Once Piper & Oakley published their findings, greenskeepers began thinking of innovative methods to puncture the greens and fairways. No mechanized equipment existed. They recommended a toothed roller be used to “scarify” the surface of the greens and fairways before applying in top dressing of barnyard manure. Over the history of greenskeeping, most of the equipment developments resulted from the ingenuity of the greenskeepers. For example, one of the first aerating tools was a one-inch board about 6 inches by 12 inches with 4-inch nails hammered through the surface. A strap attached this board to the soles of the greens crews’ shoes. The workers carefully pressed these boards into the surface of the greens. By walking in various directions across the green the workers punched holes into the surface. These holes allowed the water and nutrients to penetrate the surface to the roots. For the fairways another greens crew developed a roller with discs to cut into the fairways as the horse pulled the machine. To create deeper penetration a worker sat on the machine.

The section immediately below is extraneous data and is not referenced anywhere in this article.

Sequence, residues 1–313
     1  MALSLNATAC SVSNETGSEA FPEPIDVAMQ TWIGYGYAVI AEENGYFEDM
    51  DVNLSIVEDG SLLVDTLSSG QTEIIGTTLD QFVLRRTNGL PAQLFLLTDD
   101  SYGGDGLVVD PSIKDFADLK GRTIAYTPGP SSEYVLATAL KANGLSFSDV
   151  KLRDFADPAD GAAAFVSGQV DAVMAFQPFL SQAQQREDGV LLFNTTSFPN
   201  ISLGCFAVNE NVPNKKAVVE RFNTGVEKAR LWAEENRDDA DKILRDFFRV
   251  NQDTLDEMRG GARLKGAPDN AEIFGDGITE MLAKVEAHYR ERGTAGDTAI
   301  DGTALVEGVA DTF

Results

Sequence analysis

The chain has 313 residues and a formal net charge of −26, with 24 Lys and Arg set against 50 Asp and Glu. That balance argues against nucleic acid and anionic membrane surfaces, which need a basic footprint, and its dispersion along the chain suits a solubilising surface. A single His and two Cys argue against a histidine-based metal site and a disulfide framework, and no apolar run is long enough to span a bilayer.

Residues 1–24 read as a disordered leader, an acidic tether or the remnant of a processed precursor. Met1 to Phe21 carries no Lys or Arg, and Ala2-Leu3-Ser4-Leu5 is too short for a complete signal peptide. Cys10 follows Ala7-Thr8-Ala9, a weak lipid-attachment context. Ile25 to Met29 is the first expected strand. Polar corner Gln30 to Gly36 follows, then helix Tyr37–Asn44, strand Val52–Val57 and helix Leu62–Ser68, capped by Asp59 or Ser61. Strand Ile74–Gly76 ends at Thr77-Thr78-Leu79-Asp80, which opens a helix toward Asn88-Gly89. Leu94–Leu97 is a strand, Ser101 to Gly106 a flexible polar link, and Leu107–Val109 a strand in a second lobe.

Unfortunately, the northwest newspapers rarely described greenskeeping practices occurring at their local golf courses. The first reference to “top dressing “on a golf course appeared in the 1914 Victoria Daily Colonist “the United Services club is top dressing their golf links.”  In 1924 the Province newspaper reported “the Marine Drive Golf Club has enough loam to mix with the barnyard manures to create a top dressing mixture for several years.”

William Tucker’s patented spike roller for greens and fairways.

In the April 1922 American Golfer magazine William Tucker published an article titled “A War on Worms”. He argued worms do not aerate greens so the worm problem must be eliminated on golf course greens. He stated “All soil must be aerated but a scientifically constructed green is so designed that aeration takes place all the time.” Because all greens are not constructed to this standard, he recommended a spiked roller be used before applying the fertilizer and top dressing to the golf course. In the northwest William Tucker, who constructed Fircrest under Vernon Macan’s supervision, advised the greens crew to use his patented spike roller in the spring and fall. One news clipping announced in April 1926 “Fircrest would be closed for two weeks for top dressing and spiking the greens and fairways.”